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Alaska Life

Arrogantly Shabby fashion blog brings new meaning to Fairbanks dump-diving

  • Author: Laurel Andrews
  • Updated: September 15, 2017
  • Published October 19, 2012

At first glance, Fairbanks-based Arrogantly Shabby seems like a lot of other fashion blogs: Cool kids in cool clothes, modeling in obscure, offbeat locations. But there's something a little different about the clothes and accessories featured on this blog: They were found at the dump. And they probably haven't been washed.

Anyone who has lived in Fairbanks knows that dumpster diving is a popular pastime for many, and a way of life for some. Hopeful scavengers descend on the transfer stations scattered around town, where residents take their throw-aways to be trucked to the city landfill on the outskirts of town. These transfer stations, known colloquially as the "dump," feature both garbage bins and reuse stations, and are swarming grounds for treasure-seekers of all kinds.

Friends Trista Crass and Katie Robb, two Fairbanks girls with a creative streak and self-proclaimed "cheap" side, have taken that beloved local tradition online with Arrogantly Shabby. With upwards of 10,000 views a month from all over the world, the fashion blog is now approaching its three-year anniversary.

The blog started as a "joke" says Crass, "but when we went and did it, we realized how fun it was." The idea was born one night after a weekly sauna party: Crass had complimented Robb's scarf, who replied "it's actually a pillow case," snagged from the dump and then cut up into pieces. They slowly realized that pretty much everything they were wearing had come from the dump. Arrogantly Shabby had begun.

The premise of the blog is simple: "Just two girls in Fairbanks, Alaska, digging through the trash, looking for the next big score. We dumpster dive for used clothing, shoes, accessories and goodies: As a creative outlet, because we're cheap, and to take a stand against consuming shit we don't need. How's that for recycling, suckah?"

Over the years, friends have joined in, partially because "we aren't good at modeling," Crass says. Their basic strategy is to pile the clothes in heaping mounds and let their models pick out whatever combinations they prefer. They try to wear tank-tops and leggings under the dump finds, but Crass admits that they'll often just "throw things on."

Clothes must meet their standards, and that means no stinky or dirty clothes. If it reeks of cigarettes or garbage, it's out. But high standards don't hinder them. Crass will often find clothes that have been washed and folded, and she says it's "really common" to find clothes caringly placed into a Nordstrom's bag, which she makes a bee-line for every time.

The girls stockpile clothes over several trips to different transfer stations in town. Each dump is different; one has more furniture and books, another is "off the beaten track," and one has such a "high turnover rate" that Crass can go twice a day and find a completely new stock of items.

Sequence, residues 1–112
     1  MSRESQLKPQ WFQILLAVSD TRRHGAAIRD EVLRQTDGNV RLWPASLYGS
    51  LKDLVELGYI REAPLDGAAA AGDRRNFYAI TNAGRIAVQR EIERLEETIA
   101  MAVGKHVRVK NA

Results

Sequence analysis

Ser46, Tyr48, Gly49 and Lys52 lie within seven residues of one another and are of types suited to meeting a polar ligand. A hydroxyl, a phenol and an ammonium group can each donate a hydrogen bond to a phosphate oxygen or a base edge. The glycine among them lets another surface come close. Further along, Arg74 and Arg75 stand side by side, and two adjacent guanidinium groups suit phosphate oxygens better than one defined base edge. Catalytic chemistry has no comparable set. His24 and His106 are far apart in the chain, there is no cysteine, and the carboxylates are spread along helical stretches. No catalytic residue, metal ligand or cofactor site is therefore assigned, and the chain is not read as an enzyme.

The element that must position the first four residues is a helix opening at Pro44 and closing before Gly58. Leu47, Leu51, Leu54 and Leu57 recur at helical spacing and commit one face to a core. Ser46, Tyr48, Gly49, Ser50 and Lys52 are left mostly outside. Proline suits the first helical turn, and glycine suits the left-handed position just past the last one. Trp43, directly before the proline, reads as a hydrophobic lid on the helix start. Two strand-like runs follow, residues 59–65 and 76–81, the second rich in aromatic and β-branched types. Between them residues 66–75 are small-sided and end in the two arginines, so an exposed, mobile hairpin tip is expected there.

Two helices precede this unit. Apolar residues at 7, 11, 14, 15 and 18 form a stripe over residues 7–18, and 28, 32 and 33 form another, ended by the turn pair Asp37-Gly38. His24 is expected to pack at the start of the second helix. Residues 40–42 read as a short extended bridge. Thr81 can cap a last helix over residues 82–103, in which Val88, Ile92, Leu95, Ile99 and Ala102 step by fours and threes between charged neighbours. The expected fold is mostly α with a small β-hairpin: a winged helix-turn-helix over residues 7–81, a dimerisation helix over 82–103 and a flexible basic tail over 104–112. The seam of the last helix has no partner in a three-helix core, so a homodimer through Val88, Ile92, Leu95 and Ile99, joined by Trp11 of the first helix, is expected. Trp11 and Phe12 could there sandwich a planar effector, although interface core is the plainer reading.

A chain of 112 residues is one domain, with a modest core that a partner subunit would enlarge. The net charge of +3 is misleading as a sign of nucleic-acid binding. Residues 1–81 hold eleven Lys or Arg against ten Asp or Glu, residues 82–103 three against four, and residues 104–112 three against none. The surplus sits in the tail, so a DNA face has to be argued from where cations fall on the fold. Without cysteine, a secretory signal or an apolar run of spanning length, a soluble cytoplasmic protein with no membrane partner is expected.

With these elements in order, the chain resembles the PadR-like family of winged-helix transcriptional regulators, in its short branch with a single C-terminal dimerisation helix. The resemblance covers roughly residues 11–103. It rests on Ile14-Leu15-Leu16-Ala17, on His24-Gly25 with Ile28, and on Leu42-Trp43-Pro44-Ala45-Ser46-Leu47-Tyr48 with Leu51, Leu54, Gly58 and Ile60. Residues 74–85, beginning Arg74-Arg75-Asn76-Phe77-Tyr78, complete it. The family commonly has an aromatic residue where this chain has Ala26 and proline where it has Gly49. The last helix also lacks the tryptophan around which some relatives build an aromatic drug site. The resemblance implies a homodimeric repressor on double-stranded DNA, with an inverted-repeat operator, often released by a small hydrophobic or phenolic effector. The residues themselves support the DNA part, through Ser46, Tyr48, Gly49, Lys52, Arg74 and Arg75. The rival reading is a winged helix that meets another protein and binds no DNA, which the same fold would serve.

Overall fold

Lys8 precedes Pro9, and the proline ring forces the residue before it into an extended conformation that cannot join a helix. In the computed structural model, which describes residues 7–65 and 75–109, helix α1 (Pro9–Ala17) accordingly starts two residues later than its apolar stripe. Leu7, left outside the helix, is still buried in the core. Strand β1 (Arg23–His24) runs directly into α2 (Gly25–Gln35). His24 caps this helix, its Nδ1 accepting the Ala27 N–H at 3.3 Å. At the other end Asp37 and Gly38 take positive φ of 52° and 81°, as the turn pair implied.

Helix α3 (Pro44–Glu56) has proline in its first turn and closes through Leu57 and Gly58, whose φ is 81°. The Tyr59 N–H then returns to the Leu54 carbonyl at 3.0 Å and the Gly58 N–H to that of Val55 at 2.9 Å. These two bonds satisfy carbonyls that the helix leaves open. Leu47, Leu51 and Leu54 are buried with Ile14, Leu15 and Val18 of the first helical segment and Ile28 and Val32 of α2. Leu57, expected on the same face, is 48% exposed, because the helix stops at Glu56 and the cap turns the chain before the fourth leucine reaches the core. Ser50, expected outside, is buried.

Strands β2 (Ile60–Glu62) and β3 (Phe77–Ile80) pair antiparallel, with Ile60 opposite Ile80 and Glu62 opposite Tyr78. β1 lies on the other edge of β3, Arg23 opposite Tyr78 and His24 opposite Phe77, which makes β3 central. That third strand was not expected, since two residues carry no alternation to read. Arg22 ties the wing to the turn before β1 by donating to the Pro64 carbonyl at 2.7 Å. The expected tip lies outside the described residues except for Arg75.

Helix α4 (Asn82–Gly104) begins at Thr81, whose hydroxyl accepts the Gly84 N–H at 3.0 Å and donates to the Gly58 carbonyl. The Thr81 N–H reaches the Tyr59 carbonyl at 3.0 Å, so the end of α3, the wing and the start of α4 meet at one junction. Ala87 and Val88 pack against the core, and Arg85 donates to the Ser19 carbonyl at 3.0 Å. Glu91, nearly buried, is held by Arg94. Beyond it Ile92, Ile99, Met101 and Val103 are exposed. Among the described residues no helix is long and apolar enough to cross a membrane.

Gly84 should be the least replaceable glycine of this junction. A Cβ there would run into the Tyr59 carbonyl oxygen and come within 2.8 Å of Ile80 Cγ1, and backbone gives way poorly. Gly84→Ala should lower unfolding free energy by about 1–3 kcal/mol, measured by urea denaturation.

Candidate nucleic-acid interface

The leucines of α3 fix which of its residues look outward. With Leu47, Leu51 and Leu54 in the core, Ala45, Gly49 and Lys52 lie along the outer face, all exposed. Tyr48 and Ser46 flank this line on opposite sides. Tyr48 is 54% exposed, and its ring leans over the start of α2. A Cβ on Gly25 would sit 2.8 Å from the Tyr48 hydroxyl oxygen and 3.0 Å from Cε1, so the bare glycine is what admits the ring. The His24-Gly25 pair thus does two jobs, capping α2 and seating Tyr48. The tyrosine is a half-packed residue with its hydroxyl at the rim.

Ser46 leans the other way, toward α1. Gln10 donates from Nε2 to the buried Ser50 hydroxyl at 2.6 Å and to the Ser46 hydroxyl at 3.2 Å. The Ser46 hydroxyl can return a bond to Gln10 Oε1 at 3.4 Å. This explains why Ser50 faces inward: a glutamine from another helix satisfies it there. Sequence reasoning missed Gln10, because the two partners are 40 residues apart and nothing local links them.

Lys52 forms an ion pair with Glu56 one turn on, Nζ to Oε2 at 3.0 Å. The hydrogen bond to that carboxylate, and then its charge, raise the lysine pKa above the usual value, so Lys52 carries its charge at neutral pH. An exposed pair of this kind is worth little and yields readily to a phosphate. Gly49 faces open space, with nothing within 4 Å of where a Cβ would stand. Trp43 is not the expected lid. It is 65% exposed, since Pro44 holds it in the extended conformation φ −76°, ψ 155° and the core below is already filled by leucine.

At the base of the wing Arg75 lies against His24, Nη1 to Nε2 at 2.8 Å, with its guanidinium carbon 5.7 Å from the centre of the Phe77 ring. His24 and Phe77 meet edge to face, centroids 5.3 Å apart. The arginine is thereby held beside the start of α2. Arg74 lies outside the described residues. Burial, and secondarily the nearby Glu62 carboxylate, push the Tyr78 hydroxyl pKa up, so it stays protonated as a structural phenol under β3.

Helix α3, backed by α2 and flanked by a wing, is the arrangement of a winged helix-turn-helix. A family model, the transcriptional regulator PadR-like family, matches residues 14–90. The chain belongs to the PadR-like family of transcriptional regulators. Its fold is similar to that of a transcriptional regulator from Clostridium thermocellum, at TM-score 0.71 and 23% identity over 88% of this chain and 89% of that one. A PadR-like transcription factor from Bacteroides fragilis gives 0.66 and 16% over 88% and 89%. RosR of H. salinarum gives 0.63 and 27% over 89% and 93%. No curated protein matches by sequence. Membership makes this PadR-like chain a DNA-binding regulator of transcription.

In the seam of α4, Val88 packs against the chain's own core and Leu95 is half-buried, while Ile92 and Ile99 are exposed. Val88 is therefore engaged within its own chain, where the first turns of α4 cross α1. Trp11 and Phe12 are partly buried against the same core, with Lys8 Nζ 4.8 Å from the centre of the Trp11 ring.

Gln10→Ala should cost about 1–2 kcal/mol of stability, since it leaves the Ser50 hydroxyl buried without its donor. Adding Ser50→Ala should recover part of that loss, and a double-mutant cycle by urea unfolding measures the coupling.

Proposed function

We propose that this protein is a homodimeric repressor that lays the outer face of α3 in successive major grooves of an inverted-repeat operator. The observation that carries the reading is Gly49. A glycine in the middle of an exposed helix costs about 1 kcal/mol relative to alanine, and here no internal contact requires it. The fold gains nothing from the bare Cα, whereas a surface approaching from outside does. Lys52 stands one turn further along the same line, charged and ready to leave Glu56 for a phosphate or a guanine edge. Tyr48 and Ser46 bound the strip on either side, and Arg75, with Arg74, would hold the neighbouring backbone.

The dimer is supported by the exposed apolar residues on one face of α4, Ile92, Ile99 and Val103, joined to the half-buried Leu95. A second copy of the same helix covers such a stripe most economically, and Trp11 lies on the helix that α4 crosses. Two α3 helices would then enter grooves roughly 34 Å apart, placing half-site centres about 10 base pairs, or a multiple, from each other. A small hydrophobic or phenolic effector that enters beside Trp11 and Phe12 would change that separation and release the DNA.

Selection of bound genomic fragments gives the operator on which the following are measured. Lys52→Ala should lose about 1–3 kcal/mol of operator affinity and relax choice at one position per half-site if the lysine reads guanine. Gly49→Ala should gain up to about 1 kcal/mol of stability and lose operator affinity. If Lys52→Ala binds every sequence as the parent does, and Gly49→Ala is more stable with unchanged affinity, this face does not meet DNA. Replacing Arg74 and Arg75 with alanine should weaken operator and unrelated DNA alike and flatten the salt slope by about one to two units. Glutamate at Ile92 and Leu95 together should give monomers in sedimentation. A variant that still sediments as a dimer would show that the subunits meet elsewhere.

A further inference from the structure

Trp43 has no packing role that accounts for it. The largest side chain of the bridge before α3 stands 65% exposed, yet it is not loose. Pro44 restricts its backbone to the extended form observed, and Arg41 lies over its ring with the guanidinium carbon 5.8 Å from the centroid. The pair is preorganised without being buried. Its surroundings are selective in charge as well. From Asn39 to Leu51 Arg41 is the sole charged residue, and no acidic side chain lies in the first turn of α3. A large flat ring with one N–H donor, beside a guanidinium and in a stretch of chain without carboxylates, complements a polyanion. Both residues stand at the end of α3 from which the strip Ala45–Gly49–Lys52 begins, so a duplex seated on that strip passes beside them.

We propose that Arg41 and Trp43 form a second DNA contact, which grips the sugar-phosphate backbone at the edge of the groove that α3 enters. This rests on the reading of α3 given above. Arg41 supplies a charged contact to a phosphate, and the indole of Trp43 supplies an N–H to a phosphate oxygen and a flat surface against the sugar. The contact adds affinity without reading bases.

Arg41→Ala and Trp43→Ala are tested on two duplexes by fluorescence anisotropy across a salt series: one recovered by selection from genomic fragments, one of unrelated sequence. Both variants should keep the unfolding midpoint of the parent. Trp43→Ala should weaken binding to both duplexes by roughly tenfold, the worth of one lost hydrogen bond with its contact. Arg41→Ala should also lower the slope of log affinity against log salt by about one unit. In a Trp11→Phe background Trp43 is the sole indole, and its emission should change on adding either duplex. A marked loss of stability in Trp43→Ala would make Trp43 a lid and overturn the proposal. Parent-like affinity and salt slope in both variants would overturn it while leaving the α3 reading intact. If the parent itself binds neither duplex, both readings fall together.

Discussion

The blog runs year-round, even during the winter months. "Winter (photo) shoots go a lot faster," Crass says, noting that one of their first shoots was done at temperatures around 40 below. On summer days, the sessions can take three hours, but there's no dawdling during a fashion shoot in a notoriously frigid Fairbanks winter, when it "can be really cold changing in the car."

So what happens to the outfits after a shoot? While they "do keep a lot of stuff," a lot of it goes back to the dump, too. Crass says that the great thing about Dumpster-diving is there's "no commitment." She'll wear something a few times and then take it back.

"It's kind of like renting stuff from the dump," she says.

All in all, Crass estimates that 80 percent of her clothes, and 75 percent of Robb's, are dump-found. And she says they both have "way too many clothes."

Some treasures they find would make even the dump-averse jealous. Crass says that just a few weeks ago, she found a brand new pair of K2 snowboarding boots, with tags, in her size. Retail price? $300. Her sister found a vintage Coach bag that costs upwards of $1,000. She says "not a week goes by" that she doesn't find a pair of new Frye boots, an expensive leather brand. And sometimes they find priceless items, like the diary of a woman growing up in Fairbanks in the 1940s.

Finds like these are what fuel the diamond-in-the-rough dreams of so many dump-divers in Fairbanks.

Although Crass calls it a "weird hobby," it has also paid off. She's sold some items at a local consignment shop, and Robb has opened an Etsy shop, Teal Tub Vintage, where she sells vintage household goods unearthed at the dump.

The next step for Arrogantly Shabby? Updating the site more often, adding DIY posts, and branching out into sales of some of the more exquisite vintage clothes – the ones that aren't in their size, at least.

Contact Laurel Andrews at laurel(at)

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